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Pilates for men

Selena DeLeon

Sunday, September 02, 2018

HOW often does a man automatically assume the role of alpha by opening a door, lifting a heavy object or bracing the fall of his female counterpart? Proven time and time again, chivalry is not dead in Jamaica! We have human genetics as well as education to thank for that.

Injury prevention and rehabilitation

Being the stronger sex doesn't protect men from the effects of poor lifting, improper movement and harmful albeit courteous, habits. It is widely known that the repetitive combinations of workplace strains, overhead reaching and heavy lifting cause a higher incidence of impingement syndrome, rotator cuff injuries and frozen shoulder amongst the male population between ages 35 and 65 years.

There are a few hot spots that plague most men: The neck, shoulders and lower back. The benefits of Pilates to men's joint health, especially in the shoulders and back, are to position the bones in alignment with slow movement practices to train the muscles to correct posture and movement patterns, optimising joint health.

The stretching aspect of Pilates releases the tense muscles of the hamstrings, which alleviates tension from the lower back. Keeping the feet flexible and increasing mobility in the ankles also allow for a better spring action during running and walking, which also frees up a lot of shear force from the ground up and reduces the negative chain effect which translates to the knees and lower back.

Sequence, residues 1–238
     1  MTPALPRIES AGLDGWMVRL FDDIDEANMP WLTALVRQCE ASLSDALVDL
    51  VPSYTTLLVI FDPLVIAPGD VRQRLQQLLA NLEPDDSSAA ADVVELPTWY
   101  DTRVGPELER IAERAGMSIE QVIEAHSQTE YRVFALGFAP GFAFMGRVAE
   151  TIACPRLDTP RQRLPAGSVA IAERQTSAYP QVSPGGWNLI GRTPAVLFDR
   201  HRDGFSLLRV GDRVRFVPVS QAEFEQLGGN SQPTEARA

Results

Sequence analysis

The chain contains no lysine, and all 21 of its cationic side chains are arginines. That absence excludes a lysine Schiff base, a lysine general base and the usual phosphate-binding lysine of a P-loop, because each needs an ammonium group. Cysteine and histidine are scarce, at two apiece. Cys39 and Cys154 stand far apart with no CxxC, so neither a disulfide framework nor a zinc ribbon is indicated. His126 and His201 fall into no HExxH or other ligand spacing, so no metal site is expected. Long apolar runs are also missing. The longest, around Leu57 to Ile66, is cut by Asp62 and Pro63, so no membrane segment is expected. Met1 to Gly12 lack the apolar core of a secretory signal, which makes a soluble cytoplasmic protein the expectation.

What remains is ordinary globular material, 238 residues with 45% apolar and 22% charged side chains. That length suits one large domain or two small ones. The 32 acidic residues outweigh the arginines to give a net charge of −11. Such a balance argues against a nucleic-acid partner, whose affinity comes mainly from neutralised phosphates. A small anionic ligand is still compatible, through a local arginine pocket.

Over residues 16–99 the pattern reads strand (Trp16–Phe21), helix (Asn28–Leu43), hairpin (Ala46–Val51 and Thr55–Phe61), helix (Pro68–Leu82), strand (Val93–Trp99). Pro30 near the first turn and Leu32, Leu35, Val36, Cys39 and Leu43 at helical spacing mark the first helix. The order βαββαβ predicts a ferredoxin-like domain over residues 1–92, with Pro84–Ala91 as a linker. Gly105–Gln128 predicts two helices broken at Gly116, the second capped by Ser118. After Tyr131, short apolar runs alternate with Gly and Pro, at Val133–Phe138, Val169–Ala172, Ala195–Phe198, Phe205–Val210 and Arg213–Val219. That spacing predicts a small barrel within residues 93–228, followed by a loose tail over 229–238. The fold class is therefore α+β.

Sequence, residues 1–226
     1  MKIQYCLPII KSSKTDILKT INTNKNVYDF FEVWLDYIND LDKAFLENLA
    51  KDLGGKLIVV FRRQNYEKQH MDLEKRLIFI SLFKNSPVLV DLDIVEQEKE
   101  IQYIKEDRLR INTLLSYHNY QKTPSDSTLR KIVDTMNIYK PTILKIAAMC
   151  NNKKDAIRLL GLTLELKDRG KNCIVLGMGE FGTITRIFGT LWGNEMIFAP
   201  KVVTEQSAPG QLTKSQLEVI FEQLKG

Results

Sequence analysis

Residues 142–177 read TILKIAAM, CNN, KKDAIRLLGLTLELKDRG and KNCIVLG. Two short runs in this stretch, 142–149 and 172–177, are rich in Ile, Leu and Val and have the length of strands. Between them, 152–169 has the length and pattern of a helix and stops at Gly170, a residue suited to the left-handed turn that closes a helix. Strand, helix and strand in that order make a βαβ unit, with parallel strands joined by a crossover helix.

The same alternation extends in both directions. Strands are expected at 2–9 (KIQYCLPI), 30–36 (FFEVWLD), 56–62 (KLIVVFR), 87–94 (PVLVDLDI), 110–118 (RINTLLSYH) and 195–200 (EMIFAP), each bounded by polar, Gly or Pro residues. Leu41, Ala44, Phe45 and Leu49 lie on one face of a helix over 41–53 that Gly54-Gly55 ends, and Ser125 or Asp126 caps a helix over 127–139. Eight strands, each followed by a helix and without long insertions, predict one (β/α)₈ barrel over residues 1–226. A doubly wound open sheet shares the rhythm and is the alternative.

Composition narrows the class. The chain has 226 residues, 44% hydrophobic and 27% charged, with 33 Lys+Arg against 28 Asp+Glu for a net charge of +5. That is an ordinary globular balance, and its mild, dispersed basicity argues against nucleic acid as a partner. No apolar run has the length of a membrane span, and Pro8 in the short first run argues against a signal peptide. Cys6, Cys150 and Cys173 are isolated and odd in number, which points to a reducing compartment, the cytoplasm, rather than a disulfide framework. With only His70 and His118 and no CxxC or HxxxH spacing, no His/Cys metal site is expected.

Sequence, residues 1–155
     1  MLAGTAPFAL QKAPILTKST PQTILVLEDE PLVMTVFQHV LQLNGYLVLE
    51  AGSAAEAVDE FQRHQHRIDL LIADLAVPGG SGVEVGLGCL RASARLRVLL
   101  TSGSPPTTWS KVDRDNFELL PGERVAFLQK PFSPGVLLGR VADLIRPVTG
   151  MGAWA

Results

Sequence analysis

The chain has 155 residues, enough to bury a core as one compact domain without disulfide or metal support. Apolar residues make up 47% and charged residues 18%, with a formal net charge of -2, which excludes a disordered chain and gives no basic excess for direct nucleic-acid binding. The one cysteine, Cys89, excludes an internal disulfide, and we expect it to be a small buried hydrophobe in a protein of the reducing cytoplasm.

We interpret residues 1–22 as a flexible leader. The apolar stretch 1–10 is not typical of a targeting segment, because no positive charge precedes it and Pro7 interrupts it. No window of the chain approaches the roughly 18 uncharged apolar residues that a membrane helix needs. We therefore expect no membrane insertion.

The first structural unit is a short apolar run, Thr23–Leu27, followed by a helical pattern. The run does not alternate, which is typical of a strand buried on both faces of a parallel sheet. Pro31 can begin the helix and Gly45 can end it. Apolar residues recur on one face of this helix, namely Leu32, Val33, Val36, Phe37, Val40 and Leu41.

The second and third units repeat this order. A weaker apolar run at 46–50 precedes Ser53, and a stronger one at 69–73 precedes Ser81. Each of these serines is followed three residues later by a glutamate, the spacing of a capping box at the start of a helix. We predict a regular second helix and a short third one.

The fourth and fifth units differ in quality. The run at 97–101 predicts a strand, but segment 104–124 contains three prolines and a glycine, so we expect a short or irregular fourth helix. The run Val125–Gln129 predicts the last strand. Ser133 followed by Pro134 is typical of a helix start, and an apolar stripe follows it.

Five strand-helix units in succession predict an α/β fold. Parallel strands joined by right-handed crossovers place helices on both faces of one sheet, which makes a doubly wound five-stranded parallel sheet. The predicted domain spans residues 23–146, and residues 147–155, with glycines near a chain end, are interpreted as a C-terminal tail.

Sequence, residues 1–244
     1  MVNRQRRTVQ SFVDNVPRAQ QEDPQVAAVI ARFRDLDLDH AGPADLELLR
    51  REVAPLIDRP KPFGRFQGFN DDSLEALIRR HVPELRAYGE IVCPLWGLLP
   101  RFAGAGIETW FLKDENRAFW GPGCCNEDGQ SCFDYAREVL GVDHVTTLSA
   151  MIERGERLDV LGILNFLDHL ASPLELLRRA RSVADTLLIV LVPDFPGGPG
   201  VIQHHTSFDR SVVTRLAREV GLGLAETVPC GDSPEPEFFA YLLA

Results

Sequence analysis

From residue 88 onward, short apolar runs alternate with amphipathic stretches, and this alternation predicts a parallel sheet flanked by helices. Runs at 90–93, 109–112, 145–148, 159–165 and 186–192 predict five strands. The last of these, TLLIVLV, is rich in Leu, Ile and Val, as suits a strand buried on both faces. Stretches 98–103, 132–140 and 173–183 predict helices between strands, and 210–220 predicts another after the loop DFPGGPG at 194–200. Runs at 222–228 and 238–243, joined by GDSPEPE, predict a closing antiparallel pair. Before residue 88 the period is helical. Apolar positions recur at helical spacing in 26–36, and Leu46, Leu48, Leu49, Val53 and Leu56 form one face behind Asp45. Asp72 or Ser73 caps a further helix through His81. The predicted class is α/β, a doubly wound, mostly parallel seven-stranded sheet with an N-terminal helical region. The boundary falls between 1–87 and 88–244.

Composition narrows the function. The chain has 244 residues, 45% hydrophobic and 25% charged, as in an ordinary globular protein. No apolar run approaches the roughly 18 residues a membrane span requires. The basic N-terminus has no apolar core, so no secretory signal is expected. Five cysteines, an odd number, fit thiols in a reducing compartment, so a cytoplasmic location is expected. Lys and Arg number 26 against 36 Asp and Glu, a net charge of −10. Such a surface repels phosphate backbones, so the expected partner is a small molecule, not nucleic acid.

Pilates, when done properly, uses a lot of focus, which connects the movement to the breathing. This aspect alleviates stress, improves mental acuity and promotes the secretion of serotonin. Which man out there wouldn't choose to be a little bit sharper on any given day?

Much of the method is centralised around core strength and hip mobility, which is an unwritten insurance plan for a healthy back well into the advanced years. Better movement in the hips and core strength to stabilise the pelvis, will give the lower back a break, which is a benefit if there is chronic pain, and makes the back less vulnerable when lifting heavy objects because it directs, most of the muscle action from the legs.

 

Fitness and strength training

As we evolve in our understanding of fitness and longevity, we get better at the game. The beliefs that we once held about best fitness practices for the ideal male physical form was based solely in heavy weight training and building muscle to increase size and strength. Moreover, Pilates has the connotation of being a female-dominated exercise method. However, it is becoming identified as not only an ideal cross-training solution for flexibility and recovery; it has also become wildly popular amongst men and fitness enthusiasts, who want to increase performance, muscle tone and definition.

Some of the advantages that Pilates brings to a strength workout are:

• Safety;

• Correct form and alignment;

• Muscle length and strength together combined;

• Functional training using more than one muscle groups together at one time, which improves movement on a whole;

• Access to a larger variety of smaller muscle groups, which cannot be trained otherwise in a traditional fitness setting;

• Inner and outer strength, training muscles eccentrically and concentrically;

• Mindfulness; and

• Breath training.

For having so much weight bearing on their shoulders, literally and figuratively, the practice of reversing poor movement patterns, working on flexibility, breathing, slowing down, and turning the heat up on the strength have been proven to optimise the minds, bodies and lives of the male Pilates population tremendously. Sceptical? You have to try it to believe it.

 

Selena DeLeon has been a personal and group fitness trainer for 16 years. She recently transitioned into the world of Pilates and has a studio in Kingston called Core Fitness, where she helps people to move and live better.